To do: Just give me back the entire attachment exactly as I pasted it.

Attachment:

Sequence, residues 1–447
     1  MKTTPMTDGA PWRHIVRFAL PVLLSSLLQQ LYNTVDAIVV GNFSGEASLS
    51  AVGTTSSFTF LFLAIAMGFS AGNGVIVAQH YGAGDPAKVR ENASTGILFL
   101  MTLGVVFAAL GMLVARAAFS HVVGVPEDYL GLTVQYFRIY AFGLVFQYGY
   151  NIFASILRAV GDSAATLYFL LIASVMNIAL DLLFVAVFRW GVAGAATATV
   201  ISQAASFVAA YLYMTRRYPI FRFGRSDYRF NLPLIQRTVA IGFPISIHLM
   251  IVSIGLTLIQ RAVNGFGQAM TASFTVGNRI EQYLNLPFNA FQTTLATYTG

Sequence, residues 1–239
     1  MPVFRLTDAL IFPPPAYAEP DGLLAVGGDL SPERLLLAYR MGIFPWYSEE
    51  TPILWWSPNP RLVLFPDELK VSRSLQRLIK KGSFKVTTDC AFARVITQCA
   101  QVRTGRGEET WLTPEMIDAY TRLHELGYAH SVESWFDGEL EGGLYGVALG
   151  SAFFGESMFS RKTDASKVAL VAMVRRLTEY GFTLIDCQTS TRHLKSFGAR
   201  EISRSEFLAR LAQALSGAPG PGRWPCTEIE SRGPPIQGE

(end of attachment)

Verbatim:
Sequence, residues 1–447
     1  MKTTPMTDGA PWRHIVRFAL PVLLSSLLQQ LYNTVDAIVV GNFSGEASLS
    51  AVGTTSSFTF LFLAIAMGFS AGNGVIVAQH YGAGDPAKVR ENASTGILFL
   101  MTLGVVFAAL GMLVARAAFS HVVGVPEDYL GLTVQYFRIY AFGLVFQYGY
   151  NIFASILRAV GDSAATLYFL LIASVMNIAL DLLFVAVFRW GVAGAATATV
   201  ISQAASFVAA YLYMTRRYPI FRFGRSDYRF NLPLIQRTVA IGFPISIHLM
   251  IVSIGLTLIQ RAVNGFGQAM TASFTVGNRI EQYLNLPFNA FQTTLATYTG

Sequence, residues 1–239
     1  MPVFRLTDAL IFPPPAYAEP DGLLAVGGDL SPERLLLAYR MGIFPWYSEE
    51  TPILWWSPNP RLVLFPDELK VSRSLQRLIK KGSFKVTTDC AFARVITQCA
   101  QVRTGRGEET WLTPEMIDAY TRLHELGYAH SVESWFDGEL EGGLYGVALG
   151  SAFFGESMFS RKTDASKVAL VAMVRRLTEY GFTLIDCQTS TRHLKSFGAR
   201  EISRSEFLAR LAQALSGAPG PGRWPCTEIE SRGPPIQGE